Hackney Council,

All children aged 1 to 9 offered a dose of polio vaccine


The government has announced that all children in London aged one to nine will be offered a polio booster vaccination over the coming weeks, following a discovery of poliovirus in sewage in north and east London. 

The announcement comes following a recommendation from the Joint Committee on Vaccination and Immunisation (JCVI) after further sewage sampling identified eight London boroughs, including Hackney as areas with higher-than-normal levels of polio which indicates that polio is spreading in the community. 

Good to know: 

  • Poliovirus is spreading in the community in North and East London.
  • Poliovirus is a life-threatening infection of the nerves that can cause serious disability and even death. 
  • Poliovirus can be carried without showing any symptoms and easily transmitted from person to person. 
  • Immunisation is the best protection against this disease. 

A targeted inactivated polio vaccine (IPV) booster dose will be offered to all children in London between the ages of 1 and 9 to ensure a high level of protection from polio, which can cause paralysis in the worst cases, and to help reduce further spread of the virus.

The NHS will soon be in touch with parents across London if their child is within this age group, to tell them how and when they will be able to get their vaccination.  

Meanwhile, parents of children who have fallen behind with their routine programme of vaccinations (including the first and second doses of the initial polio vaccine, but not including the polio booster), should urgently get in contact with their GP so that they can get protected as soon as possible.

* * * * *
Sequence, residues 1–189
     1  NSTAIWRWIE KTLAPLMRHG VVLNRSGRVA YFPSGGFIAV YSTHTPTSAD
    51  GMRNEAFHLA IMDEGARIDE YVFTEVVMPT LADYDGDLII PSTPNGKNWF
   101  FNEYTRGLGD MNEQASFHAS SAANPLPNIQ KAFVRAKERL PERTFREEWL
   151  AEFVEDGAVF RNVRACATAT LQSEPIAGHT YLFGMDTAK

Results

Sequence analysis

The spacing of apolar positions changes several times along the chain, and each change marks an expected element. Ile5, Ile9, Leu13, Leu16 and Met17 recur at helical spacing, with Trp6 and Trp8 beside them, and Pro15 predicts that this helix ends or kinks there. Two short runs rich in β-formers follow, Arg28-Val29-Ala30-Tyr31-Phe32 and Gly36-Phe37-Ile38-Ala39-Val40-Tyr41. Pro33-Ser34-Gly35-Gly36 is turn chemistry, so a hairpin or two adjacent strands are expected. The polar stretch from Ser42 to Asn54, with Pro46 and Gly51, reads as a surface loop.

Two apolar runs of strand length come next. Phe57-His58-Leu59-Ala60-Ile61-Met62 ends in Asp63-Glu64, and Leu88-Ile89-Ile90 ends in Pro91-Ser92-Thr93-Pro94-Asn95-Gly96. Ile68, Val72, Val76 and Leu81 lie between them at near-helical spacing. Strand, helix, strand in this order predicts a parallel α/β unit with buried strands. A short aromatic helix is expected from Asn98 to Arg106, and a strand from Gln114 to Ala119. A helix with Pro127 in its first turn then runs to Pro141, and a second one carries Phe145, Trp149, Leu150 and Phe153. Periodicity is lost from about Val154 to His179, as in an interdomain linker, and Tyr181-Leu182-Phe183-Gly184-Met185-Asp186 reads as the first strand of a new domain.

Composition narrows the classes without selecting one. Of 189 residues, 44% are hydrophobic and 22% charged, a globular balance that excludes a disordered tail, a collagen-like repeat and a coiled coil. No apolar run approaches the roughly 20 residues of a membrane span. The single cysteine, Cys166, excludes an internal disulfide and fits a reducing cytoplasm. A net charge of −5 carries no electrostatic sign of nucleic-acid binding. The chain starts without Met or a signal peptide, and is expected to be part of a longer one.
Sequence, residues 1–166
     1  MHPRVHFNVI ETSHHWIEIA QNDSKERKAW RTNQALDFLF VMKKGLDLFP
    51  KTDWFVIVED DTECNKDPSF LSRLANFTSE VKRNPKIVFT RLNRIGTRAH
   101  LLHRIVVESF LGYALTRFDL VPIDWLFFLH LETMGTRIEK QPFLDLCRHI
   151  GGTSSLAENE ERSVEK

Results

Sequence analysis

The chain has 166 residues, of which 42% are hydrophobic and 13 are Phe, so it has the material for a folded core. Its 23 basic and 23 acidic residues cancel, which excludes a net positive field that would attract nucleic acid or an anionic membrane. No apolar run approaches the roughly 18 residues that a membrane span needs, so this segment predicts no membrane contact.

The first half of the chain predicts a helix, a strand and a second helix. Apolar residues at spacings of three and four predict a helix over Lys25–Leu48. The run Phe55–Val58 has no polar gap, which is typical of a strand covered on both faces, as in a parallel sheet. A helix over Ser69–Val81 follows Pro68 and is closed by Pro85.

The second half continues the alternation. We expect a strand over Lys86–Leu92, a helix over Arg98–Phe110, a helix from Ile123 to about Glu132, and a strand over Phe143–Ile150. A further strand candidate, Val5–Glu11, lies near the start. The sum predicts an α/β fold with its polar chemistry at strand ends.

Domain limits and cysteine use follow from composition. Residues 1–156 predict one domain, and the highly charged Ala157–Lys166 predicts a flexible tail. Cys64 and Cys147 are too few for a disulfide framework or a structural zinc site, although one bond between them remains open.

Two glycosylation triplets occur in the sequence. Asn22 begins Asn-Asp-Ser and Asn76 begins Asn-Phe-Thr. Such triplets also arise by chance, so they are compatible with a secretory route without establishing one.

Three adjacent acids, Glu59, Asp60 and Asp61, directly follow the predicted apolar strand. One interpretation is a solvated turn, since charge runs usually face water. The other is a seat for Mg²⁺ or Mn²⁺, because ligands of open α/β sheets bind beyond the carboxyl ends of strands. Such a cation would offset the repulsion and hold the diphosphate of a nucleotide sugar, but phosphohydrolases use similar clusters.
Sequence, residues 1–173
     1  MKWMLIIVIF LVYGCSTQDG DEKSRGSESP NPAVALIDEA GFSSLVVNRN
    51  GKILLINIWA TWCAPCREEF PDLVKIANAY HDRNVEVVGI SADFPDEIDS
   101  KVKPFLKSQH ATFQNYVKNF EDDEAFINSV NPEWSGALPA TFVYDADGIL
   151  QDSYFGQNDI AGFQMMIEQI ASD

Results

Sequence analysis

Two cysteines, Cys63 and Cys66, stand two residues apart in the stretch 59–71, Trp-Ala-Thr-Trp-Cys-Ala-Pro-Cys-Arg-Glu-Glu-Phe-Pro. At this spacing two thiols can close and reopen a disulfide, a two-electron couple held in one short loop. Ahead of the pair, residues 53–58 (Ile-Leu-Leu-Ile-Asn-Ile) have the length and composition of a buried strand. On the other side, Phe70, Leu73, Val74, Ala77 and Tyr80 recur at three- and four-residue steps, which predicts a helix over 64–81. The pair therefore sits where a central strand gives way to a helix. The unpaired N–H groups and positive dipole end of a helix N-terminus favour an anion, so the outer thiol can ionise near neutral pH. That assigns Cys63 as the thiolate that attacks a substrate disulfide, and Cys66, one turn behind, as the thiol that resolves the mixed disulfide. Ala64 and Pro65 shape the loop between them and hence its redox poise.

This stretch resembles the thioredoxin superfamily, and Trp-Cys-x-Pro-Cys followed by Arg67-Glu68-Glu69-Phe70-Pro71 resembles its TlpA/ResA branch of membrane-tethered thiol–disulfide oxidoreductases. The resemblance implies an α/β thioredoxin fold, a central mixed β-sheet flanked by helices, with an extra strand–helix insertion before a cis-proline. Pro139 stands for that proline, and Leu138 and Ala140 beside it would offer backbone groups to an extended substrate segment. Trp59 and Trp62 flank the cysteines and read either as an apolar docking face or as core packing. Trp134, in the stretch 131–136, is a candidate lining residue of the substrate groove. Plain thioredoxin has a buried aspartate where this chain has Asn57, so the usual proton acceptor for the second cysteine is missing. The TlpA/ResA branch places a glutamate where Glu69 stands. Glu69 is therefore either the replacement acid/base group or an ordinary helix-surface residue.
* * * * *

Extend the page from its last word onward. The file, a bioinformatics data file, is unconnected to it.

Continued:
However, parents are asked not to contact health services about polio boosters at this stage, as staff are very busy setting up this vaccination programme. 

Dr Sandra Husbands, Director of Public Health for Hackney and the City

Although there have been no clinical cases of polio yet recorded across London, we are concerned by the traces of polio virus that have been detected in sewage.

There is no doubt that we have already got an effective polio vaccination programme in the UK, as part of the usual childhood immunisation schedule, but unfortunately there are significant gaps in uptake of vaccinations which have been made worse during the covid pandemic.

It is therefore vitally important that people ensure their children are up to date with their existing vaccinations including polio and contact their GP urgently if they are not up to date.

Dr Sandra Husbands, Director of Public Health for Hackney and the City

The NHS will be leading on the local vaccination planning and delivery and we are anticipating further information from the NHS over the coming days. We look forward to supporting our local NHS partners with the vaccine offer to ensure that all our communities can benefit from the protection of vaccination.

Cllr Chris Kennedy, Cabinet member for health, adult social care, voluntary sector and culture

General information on polio vaccination is available here: www.nhs.uk/conditions/polio/

For more information on the polio vaccination programme please visit: https://www.gov.uk/government/news/all-children-aged-1-to-9-in-london-to-be-offered-a-dose-of-polio-vaccine